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U.S. Prosperity Is in Decline
The latest data on economic well-being show the biggest slide in entrepreneurship and opportunity. Businesses’ start-up costs are rising in the land of pioneers and patents.
When asked once about the state of the Russian economy, then President Boris Yeltsin responded with one word: “Good.” When asked to expand, Yeltsin paused, and responded gruffly with two words: “Not good.” A week before going to the polls, American voters have some idea of how this feels.
Earlier this month the Obama administration received good news: U.S. unemployment seems finally to be coming down. This week, however, the news is not so good. In fresh data on economic prosperity from countries around the world, the U.S. has fallen out of the Top 10 for the first time ever. If elections were decided by data, today’s findings would spell trouble for President Obama.
The 2012 Legatum Prosperity Index captures not simply the quarterly or annual ups and downs of the national economy, but rather long-term underlying components of national prosperity. Our findings suggest that the American Dream is in jeopardy.
The first problem is well-known. America has saddled itself with crippling debt and soaring entitlement spending. Couple these with projections of low growth—and possibly even another recession—and a bleak picture emerges.
But there’s more. For three-quarters of a century, gross domestic product has been single most important framework for evaluating economic success. In recent years, though, a “beyond GDP” debate has started. An increasing number of academics and policy makers around the world have been exploring the idea that there may be a more comprehensive and meaningful way to look at national prosperity. With 142 countries currently included, the Prosperity Index aims to paint a more complete picture of global prosperity than any other tool of its kind.
How does the picture look for the U.S.? The index identifies eight “foundations” for national success, including factors such as effective and accountable government, personal freedom, national security and personal safety. The news is not good for America. Across the eight components that make up the Index, the U.S. declines in five, including the economy, personal freedom, and entrepreneurship and opportunity. The biggest fall is in entrepreneurship and opportunity, which has declined eight places in the last four years. Businesses’ start-up costs are rising in the land of pioneers and patents. Fewer Americans believe that working hard will get them ahead.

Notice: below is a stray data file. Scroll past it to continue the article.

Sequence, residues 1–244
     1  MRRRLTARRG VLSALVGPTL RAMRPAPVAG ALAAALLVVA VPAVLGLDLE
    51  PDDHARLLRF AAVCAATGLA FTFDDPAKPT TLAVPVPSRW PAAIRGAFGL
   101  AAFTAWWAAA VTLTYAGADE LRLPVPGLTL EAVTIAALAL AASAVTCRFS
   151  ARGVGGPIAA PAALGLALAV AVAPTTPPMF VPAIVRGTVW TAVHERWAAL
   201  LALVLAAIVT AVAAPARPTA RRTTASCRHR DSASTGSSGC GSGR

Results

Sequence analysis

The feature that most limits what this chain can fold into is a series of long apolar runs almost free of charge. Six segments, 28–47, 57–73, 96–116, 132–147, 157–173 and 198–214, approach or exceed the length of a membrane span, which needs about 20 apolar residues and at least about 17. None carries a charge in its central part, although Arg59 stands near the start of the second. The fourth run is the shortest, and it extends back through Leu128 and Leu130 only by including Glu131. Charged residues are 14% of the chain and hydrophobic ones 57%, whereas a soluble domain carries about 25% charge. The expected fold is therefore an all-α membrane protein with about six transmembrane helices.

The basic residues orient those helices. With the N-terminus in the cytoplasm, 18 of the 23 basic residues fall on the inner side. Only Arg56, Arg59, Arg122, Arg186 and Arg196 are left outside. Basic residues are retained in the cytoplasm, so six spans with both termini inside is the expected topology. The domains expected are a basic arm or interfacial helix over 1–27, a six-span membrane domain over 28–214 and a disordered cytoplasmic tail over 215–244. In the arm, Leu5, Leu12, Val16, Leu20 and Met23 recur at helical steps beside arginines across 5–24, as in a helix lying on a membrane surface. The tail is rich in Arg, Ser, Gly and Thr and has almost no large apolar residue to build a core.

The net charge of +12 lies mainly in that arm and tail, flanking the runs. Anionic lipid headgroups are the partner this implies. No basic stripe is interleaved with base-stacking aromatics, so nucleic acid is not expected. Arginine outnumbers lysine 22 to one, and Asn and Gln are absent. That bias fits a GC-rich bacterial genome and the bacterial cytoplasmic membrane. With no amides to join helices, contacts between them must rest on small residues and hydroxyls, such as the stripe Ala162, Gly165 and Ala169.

The next U.S. president will also face a rapidly changing global environment. The rise of China speaks for itself, but the Prosperity Index also has Singapore, Taiwan, Hong Kong, Japan and Malaysia ranking within the top 15 countries in its economic rankings this year. Our index also reveals a new group of Asian up-and-comers: Vietnam, Thailand and Indonesia are on the move. Indonesia, the word’s most populous majority-Muslim nation, has experienced the largest increase in prosperity globally since 2009.
Times do change. It seems that even parts of Old Europe, the euro crisis notwithstanding, can teach America a thing or two. Norway, Denmark and Sweden top our rankings this year. Once upon a time the Scandinavians were world champions in big government and social spending. But bloated welfare states have been brought to heel in recent years. There has been deregulation and privatization: The Swedes even privatized air traffic control. Today Denmark has one of the most flexible labor markets in the world.
The path to prosperity is not a mathematical formula or an engineering problem. A country’s size, history and culture all matter. Nevertheless, the Index confirms what experience tells us. Decent, accountable government, rule of law, competition, opportunity and a regulatory environment and culture that promote liberty, responsibility and entrepreneurship are drivers of prosperity everywhere.
It is up to U.S. voters to decide next week whether Barack Obama or Mitt Romney have the right compass for America’s journey forward. We think the data of the 2012 Prosperity Index may offer a helpful map—and some warnings about the road ahead.
Mr. Gedmin is president and CEO of the London-based Legatum Institute, where Mr. Gamester is program director for the Prosperity Index.